* Open Source your Circuit Design with KiCAD

I learned to design circuits in Eagle because at the time there were no good, free, open source alternatives but I would argue that's changed. Let's talk about why KiCAD might be the CAD program you're looking for and do a whirlwind tour of the current state of KiCAD tools and community.
Chemistry
Jenner Hanni

* Through the Warp Zone: Hacking Super Mario Brothers

Discover new worlds in Super Mario Brothers even the creators never saw!
Hacks
Emily St., Shawna Scott

Favorite proposals for this user

* Objectivity is a Myth: Your Data is Not Objective and Neither Are You

Data is often treated as an impartial representation of reality--an unbiased delivery mechanism for "ground truth". Data collection, however, is designed by people, whose knowledge and beliefs influence the design decisions they make. How does that impact what we think we know, and how can we adapt our processes to account for it?
Culture 2015-03-08 01:37:51 +0000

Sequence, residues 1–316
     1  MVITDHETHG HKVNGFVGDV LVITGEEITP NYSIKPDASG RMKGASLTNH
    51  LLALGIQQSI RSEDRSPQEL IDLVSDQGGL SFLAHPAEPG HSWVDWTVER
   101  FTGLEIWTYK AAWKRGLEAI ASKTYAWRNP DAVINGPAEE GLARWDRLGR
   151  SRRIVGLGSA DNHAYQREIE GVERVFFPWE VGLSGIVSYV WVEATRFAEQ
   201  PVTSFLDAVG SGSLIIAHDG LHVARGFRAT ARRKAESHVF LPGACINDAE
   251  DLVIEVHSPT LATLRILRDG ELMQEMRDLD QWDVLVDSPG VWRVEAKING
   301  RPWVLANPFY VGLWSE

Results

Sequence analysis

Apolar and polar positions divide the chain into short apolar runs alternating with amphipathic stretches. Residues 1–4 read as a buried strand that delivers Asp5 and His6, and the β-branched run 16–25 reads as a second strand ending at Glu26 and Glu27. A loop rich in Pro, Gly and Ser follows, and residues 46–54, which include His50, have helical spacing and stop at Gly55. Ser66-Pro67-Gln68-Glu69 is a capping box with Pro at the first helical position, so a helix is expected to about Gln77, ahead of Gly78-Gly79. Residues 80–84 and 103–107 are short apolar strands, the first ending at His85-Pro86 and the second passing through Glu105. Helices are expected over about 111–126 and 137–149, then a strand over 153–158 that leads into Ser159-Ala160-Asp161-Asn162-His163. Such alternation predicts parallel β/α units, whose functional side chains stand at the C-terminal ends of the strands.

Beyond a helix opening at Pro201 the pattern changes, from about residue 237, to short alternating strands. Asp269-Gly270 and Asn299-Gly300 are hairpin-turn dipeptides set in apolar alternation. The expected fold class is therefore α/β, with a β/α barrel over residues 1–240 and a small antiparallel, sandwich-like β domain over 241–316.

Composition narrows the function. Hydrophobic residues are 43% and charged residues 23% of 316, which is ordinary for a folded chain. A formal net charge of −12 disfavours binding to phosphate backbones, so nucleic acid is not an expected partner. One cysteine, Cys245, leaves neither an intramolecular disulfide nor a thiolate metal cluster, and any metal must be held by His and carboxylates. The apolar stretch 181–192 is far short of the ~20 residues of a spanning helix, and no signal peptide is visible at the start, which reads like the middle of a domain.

Rachel Shadoan

* The Ethics Of Software Development

The software we build has an impact on millions of people, and while it can be empowering for many, it is often disempowering for many others. Many times we as developers don't really think through these issues, and that is really a shame because the work we do has enormous impact on people's lives, and that impact is very often in opposition to a lot of the values that we hold dear. This session will talk through some of these issues, and explain why it is so important that we think about how we affect the world, and try to frame our work in a way that meshes well with our own values.
Culture 2015-02-18 19:42:28 +0000
Greg Dunlap

* You Should Speak

Have you ever thought about speaking at a conference, then come up with some excuse like "I don't know enough", "I'm scared of public speaking", or "I don't know where to apply"? Come to this talk to learn how to combine the open source tools and technolgies which solve all of those problems and more!
Cooking 2015-03-15 03:17:15 +0000
E. Dunham